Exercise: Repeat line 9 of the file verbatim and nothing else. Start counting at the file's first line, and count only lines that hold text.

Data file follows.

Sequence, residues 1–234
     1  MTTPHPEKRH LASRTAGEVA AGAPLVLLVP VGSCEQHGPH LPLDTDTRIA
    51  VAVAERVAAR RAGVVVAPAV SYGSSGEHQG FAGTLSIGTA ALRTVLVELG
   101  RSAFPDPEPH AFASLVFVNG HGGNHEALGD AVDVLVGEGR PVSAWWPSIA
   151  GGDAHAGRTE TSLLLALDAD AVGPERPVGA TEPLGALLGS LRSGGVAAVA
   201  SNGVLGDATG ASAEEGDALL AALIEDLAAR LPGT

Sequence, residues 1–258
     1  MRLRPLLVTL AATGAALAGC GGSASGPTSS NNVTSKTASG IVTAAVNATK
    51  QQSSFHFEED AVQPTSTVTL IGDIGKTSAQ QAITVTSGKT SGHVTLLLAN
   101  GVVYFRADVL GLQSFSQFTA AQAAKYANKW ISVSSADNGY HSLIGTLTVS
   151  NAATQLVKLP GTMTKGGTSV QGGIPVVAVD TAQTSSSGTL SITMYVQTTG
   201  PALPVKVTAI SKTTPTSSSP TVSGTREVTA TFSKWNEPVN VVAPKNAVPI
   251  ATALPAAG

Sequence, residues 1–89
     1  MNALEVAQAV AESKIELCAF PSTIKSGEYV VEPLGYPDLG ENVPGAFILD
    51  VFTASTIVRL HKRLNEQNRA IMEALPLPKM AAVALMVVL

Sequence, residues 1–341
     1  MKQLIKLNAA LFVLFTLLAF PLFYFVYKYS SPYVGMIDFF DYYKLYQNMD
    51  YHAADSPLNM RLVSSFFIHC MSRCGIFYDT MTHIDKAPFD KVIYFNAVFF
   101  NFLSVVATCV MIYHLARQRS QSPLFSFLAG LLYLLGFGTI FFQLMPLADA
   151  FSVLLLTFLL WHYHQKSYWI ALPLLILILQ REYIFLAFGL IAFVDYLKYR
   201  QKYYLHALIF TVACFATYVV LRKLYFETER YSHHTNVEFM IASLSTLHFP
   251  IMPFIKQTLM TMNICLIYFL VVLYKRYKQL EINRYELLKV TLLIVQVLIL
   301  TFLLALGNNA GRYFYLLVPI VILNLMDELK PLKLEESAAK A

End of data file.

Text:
    51  QQSSFHFEED AVQPTSTVTL IGDIGKTSAQ QAITVTSGKT SGHVTLLLAN